Guerrilla Weatherman

Published in the April 2011 Issue April 2011 Ask The Expert Ted A. Thompson

Cletus was tired of everybody talkin' about the weather, nobody doin' nothin'. There was still time to make it to the television station. He yanked his plaid flannel jacket and lucky fishing hat from the peg as he headed out the door.

He parked the battered pickup in the alley behind the station and entered through the steel doors where he sometimes made deliveries. No one paid attention as he crossed the large, open studio, stepping over thick cables taped to the concrete floor. He walked down the hall to the offices, reading names on the doors until he came to the one he was looking for: Perkins. Cletus didn't bother knocking.

Andy Perkins, the television weatherman, looked up from his computer, mildly surprised at the sudden appearance of this ragged stranger in his office. Before he could ask, Cletus Bumpass answered the question.

"I'm here to do the weather, Perkins. Time folks got the truth about it."

"You know the truth about the weather?" Mr. Perkins asked the strange intruder, more amused than alarmed. "That's great," he said, "because I'm a trained meteorologist, and I seldom know the whole truth about the weather."

"You don't have to tell me that," replied Cletus, "you've ruined too many fishin' weekends. Anyway, I ain't here to discuss meteors. I'm here to do the weather, and you're gonna help." He put his hand into the pocket of his jacket with deliberate, threatening purpose. "Do you know what I have in my hand?" Cletus asked.

Perkins eyed the bulge in the plaid fabric and his forehead broke sweat. "Yes, I ... I think I do."

That's doubtful, thought Cletus, since what he aimed so malevolently at Perkins was actually an Almond Joy bar he'd forgotten to eat on his way home from work. The Almond Joy was perfect, Cletus realized, stiffer and therefore more convincing as something potentially deadly than a Mounds bar might have been.

"What do you want?" asked the nervous television personality. "Why are you doing this?"

"I guess it's because sometimes I feel like a nut," replied Cletus, to no one's amusement but his own. Perkins recognized the truth of that, or thought he did.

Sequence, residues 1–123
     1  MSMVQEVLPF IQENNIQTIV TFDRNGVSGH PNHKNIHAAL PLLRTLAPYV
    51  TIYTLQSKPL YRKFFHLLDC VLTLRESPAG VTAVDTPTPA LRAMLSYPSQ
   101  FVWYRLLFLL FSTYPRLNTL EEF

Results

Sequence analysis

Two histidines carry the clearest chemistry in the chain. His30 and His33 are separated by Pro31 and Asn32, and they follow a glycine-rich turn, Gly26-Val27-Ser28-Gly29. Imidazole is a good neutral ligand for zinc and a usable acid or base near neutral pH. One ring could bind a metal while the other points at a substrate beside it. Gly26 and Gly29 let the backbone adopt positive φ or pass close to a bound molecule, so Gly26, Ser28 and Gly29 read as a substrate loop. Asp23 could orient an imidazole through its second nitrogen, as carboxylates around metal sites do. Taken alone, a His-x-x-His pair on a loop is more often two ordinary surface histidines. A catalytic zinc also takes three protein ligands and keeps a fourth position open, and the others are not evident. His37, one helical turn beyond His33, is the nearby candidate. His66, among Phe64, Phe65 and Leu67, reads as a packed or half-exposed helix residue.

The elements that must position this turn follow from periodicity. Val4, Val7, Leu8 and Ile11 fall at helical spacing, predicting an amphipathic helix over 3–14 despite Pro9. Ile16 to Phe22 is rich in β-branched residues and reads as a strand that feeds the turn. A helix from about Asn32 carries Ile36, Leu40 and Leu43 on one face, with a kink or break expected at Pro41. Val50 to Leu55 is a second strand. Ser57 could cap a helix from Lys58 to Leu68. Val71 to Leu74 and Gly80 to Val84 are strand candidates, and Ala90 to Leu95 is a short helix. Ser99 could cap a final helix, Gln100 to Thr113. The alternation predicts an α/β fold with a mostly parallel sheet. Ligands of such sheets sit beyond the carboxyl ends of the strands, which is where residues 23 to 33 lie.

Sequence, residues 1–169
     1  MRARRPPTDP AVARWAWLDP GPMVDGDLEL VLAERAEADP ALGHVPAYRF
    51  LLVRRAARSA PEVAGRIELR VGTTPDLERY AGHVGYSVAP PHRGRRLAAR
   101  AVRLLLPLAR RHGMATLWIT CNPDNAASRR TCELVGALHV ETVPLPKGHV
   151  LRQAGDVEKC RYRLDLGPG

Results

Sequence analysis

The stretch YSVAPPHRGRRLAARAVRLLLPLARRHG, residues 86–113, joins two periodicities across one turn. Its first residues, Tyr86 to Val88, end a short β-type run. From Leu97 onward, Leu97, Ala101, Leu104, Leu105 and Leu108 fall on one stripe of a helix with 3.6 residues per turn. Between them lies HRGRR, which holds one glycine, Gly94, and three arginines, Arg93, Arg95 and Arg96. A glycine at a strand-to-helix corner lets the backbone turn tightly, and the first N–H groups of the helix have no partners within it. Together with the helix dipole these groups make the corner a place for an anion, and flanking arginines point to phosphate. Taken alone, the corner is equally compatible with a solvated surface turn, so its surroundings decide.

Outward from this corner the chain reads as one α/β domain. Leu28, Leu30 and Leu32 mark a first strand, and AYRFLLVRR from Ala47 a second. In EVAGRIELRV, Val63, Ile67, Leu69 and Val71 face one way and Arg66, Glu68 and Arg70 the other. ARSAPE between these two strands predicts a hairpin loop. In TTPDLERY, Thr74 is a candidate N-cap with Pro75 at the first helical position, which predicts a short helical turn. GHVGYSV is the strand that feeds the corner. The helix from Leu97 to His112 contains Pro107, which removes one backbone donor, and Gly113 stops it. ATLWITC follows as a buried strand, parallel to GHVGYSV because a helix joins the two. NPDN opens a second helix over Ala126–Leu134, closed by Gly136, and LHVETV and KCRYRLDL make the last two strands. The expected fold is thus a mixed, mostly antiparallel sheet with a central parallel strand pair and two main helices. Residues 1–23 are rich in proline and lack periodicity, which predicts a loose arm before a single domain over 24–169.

"I'm here to do the real weather," Cletus repeated, "so let's git `er done. Take me to the cameras," he commanded, menacing the frightened weatherman with chocolate, coconut, and a couple of high-caliber almonds.

When the situation was thoroughly understood by the news crew, everyone agreed that the safest thing to do until help arrived-and the best option for stimulating the station's ratings, by the way-was to let Cletus have his way. He was positioned in front of the cameras, given his cues, and the peculiar, impromptu broadcast began.

"My name is Cletus Bumpass," he addressed viewers, "and I'm here for all you boaters out there. You fishermen and water skiers, you families with pontoons and houseboats, I figger we're all tired of having 10 percent chance of rain come down on our heads. The truth about the weather is that no one freakin' knows. Um-can I say freakin' on the air?" There was no answer from the crew.

"Guess it don't really matter at this point," Cletus muttered with a resigned shrug. Everyone in the studio nodded grim agreement, prayerfully waiting for the SWAT team.

"Anyway, where's the maps?" A technician motioned to the forward monitor, and to Cletus's amazement an area map appeared magically behind him on the screen. Spying himself on the monitor, Cletus waved his arms in exaggerated, comical imitation of Perkins doing the weather. "Now see this water here on the map, where the boats go? That's where it's gonna rain. There's yer 10 percent right there."

"We studied that Dabbler radar," Cletus continued, smelling the chocolate in his pocket melting under the hot studio lights, "and we finally figured out that we don't actually know what the heck it is. Looks like a spaceship to me. I think it might be one."

"We studied them fancy pitchers from outer space, too," he continued, "and I guess that's where ole Perky Perkins's meteor education might come in handy. But we still don't know if it's good to take the boat out. You might go fishin' or swimmin' tomorrow, expectin' fair skies according to Mr. Weatherman here, when all a sudden, whoa, you ain't in Kansas anymore. Never expect the weather to follow the rules."

To prove his point, it began to rain in the studio. Warm water bathed his face, surprising him, and he opened his eyes.

Her paws on the sofa, Dolly, his faithful old coon hound, slurped him again, her breath smelling curiously of forbidden chocolate. As Cletus sat up, stretching and yawning, he spotted his favorite jacket on the floor, under the peg by the door. On the TV, an announcer suggested he stay tuned for Andy Perkins and the Weekend Accuweather Forecast.

Cletus just sighed, shook his head, and went out to buy bait.

Until next time,

My Best from the Stern,

Ted A. Thompson

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